Assumption of Mary

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“My soul proclaims the greatness of the Lord; my spirit rejoices in God my Savior.” These words, which welled up from the depths of Mary’s heart at the Visitation, re-echo in this cathedral today. They re-echo in our hearts and in the hearts of the faithful in churches and homes throughout our diocese on this beautiful feast of Our Lady’s Assumption. They re-echo in my heart which rejoices that over 12,000 men and women of all ages throughout our diocese entrust their lives to her today. Like the apostle John, we welcome the Mother of Christ into our home, into our hearts. Our Marian consecration is our saying “yes” to the beautiful gift Jesus gave us from the cross when He said to John: “Behold your mother.” We are responding with faith to Our Lord’s gift of love, the gift of His mother, and to our Mother’s love. She wants to act in our lives, to share with us the joy of her faith, to help us to know and follow her Son. She invites us, as she invited the servants at the wedding feast of Cana, to do whatever Jesus tells us. She wants to lead us to know the height and depth…. Of Christ’s love for us. And she wants us to be with her in the glory of heaven, in the presence of the Most Holy Trinity. Today we say yes to her. We say yes to the truths of our baptismal promises. We say with her: “Behold the servant of the Lord; let it be done to me according to your Word.” And so we are able to rejoice with her in God our Savior and to repeat her words in the Magnificat: “the Almighty has done great things for me and holy is his Name.”

I believe the Lord will do great things for us, for our diocese, and for the thousands who make the Marian consecration today. He will do so through the one who cooperated fully in His saving work, through His mother who was the first to experience within herself the supernatural consequences of Christ’s mediation. She pours out upon us and upon the Church her maternal love. Mary is the mediatrix of God’s mercy who helps us to receive the mercy she sang about in the Magnificat, the mercy promised to Abraham and his children forever. She is our mother who stretches out her arms to embrace all who take refuge in her. She is “the most merciful, the most compassionate mother, the most tender mother, the most loving mother” (Saint Lawrence of Brindisi). She gives us hope in the midst of life’s challenges, the hope that comes from placing all our trust in the Lord, like she did. She became our hope when she was assumed body and soul into heaven, our sure hope of salvation. Hope was lost through the sin of Eve; hope is restored through Mary, the new Eve, through whom the Savior, the new Adam, came into the world. Saint Paul wrote to the Corinthians: “For just as in Adam all die, so too in Christ shall all be brought to life.” Mary was brought to life and, when she passed from this world, her body was not corrupted by death. She was assumed body and soul into heaven. There she is our advocate, always interceding for us, accompanying us with her love.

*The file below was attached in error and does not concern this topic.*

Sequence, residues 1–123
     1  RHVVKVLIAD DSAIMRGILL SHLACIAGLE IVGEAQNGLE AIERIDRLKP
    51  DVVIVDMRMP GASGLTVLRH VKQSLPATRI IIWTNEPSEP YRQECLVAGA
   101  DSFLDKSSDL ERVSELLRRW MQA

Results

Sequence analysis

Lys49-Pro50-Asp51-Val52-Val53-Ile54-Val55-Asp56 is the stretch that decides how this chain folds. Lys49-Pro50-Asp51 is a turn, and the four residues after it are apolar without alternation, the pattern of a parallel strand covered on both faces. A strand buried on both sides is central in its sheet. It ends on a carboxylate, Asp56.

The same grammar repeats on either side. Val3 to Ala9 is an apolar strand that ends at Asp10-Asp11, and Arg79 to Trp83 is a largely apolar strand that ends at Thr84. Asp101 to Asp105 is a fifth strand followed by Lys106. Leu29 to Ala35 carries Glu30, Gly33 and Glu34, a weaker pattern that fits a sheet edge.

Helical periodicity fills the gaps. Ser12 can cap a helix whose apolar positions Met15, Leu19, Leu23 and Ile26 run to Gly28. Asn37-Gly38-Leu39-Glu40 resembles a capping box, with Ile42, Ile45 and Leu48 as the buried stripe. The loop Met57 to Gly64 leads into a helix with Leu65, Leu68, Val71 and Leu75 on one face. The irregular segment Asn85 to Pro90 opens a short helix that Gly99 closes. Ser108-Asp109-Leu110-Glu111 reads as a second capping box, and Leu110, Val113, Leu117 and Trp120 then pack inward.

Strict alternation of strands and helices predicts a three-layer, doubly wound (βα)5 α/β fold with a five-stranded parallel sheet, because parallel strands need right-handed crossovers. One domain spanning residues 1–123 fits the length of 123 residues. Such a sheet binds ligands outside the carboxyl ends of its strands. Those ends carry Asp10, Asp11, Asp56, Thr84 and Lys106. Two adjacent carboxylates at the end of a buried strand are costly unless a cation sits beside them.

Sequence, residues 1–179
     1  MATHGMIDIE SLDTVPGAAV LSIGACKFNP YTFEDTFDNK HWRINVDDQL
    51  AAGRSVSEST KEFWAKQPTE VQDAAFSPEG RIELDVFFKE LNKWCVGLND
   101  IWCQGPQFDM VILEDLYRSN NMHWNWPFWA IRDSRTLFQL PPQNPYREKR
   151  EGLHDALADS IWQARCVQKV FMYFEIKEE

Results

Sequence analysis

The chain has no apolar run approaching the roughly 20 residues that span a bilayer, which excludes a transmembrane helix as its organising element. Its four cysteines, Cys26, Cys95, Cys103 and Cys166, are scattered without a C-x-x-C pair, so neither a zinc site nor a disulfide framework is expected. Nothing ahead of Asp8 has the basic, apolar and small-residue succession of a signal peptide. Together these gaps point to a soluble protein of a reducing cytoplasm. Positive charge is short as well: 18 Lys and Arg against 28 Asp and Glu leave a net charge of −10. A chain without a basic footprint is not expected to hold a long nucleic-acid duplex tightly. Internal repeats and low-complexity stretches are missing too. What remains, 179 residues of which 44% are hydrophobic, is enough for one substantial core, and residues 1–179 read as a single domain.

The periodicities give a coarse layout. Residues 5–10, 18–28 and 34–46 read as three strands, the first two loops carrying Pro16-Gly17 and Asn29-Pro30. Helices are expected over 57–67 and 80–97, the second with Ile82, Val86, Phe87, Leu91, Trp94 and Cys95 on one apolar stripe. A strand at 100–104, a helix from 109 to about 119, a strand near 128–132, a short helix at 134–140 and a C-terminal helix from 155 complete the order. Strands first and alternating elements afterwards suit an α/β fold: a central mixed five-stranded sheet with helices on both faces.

In these past 33 days, we have been united in our prayers of preparation for today, for our Marian consecration, guided by the wisdom of Saint Louis Marie de Montfort, Saint Maximilian Kolbe, Blessed Mother Teresa of Calcutta, and Saint John Paul II. These spiritual giants, heroes of our faith, reached the heights of holiness, powerfully aided by their devotion to the Blessed Virgin Mary. They learned from Mary, and they teach us to learn from Mary, the way of perfection. They learned from Mary’s example to be faithful disciples of Jesus, to be steadfast in faith, persevering in hope, and abounding in love. They learned, in a word, to follow Jesus. They learned to be authentic Christians, to be saints. T